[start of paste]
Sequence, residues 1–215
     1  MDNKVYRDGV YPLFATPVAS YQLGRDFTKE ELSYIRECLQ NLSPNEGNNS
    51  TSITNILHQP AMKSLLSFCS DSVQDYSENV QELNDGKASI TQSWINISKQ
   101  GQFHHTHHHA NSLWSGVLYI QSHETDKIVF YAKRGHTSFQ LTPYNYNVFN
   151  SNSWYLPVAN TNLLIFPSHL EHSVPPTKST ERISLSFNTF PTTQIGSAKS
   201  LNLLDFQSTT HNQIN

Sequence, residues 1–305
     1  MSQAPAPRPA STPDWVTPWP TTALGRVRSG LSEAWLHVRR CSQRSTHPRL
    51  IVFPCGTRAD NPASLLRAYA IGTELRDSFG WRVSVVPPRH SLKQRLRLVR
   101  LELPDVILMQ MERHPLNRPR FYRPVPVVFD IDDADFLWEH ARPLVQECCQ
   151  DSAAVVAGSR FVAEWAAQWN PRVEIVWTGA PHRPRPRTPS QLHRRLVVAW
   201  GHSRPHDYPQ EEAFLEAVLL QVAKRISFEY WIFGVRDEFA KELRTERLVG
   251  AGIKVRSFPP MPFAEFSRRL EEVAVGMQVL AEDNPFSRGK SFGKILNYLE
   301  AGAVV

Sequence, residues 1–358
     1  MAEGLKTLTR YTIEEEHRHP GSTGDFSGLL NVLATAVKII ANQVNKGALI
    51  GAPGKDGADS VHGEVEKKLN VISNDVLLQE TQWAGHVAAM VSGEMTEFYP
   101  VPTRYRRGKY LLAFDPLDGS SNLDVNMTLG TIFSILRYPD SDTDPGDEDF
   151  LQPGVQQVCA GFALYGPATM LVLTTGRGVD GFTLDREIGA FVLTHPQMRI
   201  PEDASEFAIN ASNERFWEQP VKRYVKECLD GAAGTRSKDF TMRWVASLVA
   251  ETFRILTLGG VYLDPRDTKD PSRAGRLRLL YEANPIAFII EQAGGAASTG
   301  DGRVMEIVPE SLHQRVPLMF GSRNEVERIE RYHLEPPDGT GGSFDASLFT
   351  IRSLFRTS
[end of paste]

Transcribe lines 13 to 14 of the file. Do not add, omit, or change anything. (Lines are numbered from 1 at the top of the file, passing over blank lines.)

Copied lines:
   251  AGIKVRSFPP MPFAEFSRRL EEVAVGMQVL AEDNPFSRGK SFGKILNYLE
   301  AGAVV